Feed or sell? Some kitchen table calculations to help with decisions

James Nason, October 26, 2018

MANY properties remain in the grip of drought, where rain has fallen follow-up is still needed and the Bureau is forecasting below average rainfall for most of Australia over the next three months.

With hotter months returning it is now crunch time for many livestock producers, livestock officer Geoff Casburn told the recent NSW DPI Livestock Systems webinar, with decisions needed on whether to buy feed for the next six months or sell some or all livestock now.

While predicting when the drought will break on your property is impossible, there are tools that can help to make informed decisions around whether to sell livestock now and buy back when the drought breaks, or whether to feed.

One of the most important tool farming families have in making these assessments is their humble kitchen table.

“The first tool we have is the kitchen table and I can’t stress this strongly enough,” Mr Casburn said.

“Planning is best done with others, the kitchen table signifies that.”

“It is about sitting down all members of the business and your advisors and weighing up when the most likely planning period is going to be, what the best case and worst case scenario is, and then thinking about what are the most feasible solutions.”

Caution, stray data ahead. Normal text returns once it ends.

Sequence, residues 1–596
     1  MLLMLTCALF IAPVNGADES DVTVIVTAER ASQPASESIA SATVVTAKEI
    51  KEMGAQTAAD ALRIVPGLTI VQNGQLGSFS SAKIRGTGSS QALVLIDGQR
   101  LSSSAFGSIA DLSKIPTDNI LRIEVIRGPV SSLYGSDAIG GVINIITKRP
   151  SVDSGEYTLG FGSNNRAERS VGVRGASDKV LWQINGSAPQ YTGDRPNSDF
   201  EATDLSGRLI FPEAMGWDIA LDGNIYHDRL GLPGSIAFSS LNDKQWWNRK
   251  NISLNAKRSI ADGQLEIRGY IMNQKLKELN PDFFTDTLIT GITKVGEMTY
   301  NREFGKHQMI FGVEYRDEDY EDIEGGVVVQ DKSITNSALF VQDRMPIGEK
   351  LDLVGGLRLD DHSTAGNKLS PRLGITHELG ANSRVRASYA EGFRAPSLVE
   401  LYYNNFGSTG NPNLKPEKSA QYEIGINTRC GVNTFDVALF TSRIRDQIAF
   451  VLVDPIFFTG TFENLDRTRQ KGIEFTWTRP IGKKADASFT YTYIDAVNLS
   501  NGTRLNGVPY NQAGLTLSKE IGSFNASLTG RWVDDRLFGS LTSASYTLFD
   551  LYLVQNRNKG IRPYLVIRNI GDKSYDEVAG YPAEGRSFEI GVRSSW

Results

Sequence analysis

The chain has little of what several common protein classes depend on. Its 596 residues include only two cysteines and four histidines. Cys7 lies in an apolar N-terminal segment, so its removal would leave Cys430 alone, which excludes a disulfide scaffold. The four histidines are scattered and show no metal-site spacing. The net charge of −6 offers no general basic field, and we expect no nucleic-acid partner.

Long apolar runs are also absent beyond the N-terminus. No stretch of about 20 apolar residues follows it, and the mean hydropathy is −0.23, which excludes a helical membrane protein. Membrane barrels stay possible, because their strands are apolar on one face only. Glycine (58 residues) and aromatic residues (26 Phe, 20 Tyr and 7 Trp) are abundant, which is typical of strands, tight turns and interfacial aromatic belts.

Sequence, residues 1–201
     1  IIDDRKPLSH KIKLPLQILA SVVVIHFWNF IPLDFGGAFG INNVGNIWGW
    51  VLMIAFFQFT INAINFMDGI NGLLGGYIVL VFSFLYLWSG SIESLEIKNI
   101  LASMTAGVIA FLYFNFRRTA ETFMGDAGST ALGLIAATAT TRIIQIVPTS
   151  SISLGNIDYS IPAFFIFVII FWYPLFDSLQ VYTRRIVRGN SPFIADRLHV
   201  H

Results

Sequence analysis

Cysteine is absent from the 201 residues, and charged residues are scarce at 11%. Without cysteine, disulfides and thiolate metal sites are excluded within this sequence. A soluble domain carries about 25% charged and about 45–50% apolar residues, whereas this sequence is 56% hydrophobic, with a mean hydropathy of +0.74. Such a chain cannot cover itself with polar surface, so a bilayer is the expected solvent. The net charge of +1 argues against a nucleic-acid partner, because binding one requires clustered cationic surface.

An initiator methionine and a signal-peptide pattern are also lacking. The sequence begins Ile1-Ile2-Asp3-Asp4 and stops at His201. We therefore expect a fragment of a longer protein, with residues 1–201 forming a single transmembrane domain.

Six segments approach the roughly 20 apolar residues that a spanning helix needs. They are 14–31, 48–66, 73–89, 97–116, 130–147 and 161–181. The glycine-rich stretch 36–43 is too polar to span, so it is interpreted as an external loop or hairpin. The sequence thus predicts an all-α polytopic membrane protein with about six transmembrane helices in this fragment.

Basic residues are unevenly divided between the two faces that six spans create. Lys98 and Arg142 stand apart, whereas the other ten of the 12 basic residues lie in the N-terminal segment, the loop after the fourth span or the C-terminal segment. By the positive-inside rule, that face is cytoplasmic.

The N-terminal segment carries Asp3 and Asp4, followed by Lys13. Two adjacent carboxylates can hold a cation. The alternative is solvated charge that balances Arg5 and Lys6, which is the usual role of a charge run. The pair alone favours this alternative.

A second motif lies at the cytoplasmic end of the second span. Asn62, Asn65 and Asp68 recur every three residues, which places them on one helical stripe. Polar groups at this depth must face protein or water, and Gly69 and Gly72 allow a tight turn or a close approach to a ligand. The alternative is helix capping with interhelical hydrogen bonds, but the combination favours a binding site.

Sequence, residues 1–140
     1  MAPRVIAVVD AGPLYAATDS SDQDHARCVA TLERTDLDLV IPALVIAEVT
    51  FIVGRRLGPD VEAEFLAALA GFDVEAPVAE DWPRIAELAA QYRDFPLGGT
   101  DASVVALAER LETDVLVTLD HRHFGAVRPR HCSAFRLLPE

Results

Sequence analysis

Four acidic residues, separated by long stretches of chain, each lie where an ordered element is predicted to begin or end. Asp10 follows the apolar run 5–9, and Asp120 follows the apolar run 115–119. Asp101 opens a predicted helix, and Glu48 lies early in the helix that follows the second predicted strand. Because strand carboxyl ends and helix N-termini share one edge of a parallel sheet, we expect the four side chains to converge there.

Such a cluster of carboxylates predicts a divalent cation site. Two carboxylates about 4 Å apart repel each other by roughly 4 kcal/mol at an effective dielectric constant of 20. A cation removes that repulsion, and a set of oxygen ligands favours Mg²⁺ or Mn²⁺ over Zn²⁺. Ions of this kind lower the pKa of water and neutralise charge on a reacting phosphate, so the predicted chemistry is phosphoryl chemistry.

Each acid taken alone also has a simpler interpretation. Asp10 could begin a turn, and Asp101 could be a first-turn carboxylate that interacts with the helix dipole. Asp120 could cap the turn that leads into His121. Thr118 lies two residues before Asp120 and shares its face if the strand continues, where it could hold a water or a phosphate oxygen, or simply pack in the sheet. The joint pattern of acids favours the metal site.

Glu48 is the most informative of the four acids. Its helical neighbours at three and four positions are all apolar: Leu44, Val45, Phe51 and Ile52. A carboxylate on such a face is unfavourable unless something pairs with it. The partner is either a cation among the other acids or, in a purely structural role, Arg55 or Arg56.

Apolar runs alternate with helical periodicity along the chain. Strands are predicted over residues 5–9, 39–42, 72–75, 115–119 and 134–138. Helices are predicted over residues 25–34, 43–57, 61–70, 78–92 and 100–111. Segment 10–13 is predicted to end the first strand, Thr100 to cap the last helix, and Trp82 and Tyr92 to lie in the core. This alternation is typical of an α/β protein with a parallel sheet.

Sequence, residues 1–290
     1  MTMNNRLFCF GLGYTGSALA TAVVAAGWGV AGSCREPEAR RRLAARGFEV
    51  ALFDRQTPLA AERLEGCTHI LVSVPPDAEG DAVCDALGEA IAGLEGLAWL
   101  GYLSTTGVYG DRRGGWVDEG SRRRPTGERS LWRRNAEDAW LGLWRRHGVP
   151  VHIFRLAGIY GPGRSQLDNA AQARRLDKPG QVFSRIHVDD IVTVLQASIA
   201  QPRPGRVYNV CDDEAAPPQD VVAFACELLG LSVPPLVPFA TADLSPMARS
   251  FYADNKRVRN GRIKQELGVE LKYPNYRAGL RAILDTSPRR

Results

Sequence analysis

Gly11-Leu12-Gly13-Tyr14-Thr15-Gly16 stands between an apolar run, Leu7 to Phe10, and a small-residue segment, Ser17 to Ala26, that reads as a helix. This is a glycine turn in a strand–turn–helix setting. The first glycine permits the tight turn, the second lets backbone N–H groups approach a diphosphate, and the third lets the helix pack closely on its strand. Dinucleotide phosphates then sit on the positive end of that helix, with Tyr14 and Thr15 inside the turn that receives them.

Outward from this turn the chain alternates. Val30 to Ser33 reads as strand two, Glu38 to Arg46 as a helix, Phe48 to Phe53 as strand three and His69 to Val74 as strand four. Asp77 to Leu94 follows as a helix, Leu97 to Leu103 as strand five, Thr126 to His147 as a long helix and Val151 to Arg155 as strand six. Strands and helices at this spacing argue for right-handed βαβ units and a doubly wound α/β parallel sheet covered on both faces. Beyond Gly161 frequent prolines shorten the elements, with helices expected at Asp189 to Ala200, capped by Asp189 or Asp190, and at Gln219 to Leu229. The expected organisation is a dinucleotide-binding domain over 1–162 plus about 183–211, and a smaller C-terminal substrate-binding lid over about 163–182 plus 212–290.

All members of farming families worried about drought, and openly discussing strategies played an important role in helping all members cope with the pressure.

‘a problem is only a problem when you’re not doing anything about it’

“A smart farmer once said to be a problem is only a problem when you’re not doing anything about it,” Mr Casburn said.

“So it is really important everyone in the family and the business understand how the problem is being addressed.

“And that way they can see that you are working through the process and it will help put people’s mind’s at rest.”

Break even scenarios

Here are some break-even calculation examples Mr Casburn offered to help cattle and sheep producers determine whether they would be better off selling some animals now and buying back when the drought breaks or whether it is better to spend money on buying in feed.

(Note: These are abbreviated examples – readers are encouraged to watch Mr Casburn’s full explanations in the webinar recording which can be accessed at this link)

Scenario one: selling or maintaining a sheep breeding flock

Slide from Mr Casburn’s wbinar presentation. Click on image to enlarge.


Current value of ewe at $140 per head

Feed cost per head for next six months: $55 (Based on feeding 600 grams per head per day of wheat with energy of 12.5 megajoules, using a grain price of $500/t landed on farm – calculated with Drought Feed Calculator

Variable costs over next six months: $10 (includes shearing costs, which will produce $40 worth of wool per head)

Break even price of each ewe in six months time: $165

(Calculated by combining the current value of the animal plus feed costs plus variable costs, and subtracting the wool income received)

Should the drought continue for nine months instead of six, requiring feeding for that period, the cost of feed would increase to $83 per head, lifting the break even price in nine month’s time to $193 per head. As ewes would be joined during that period an increased nutritional requirement for the last month of pregnancy needs to be factored in, lifting feed costs to $90/head, resulting in a break even price in nine months time of $200/head.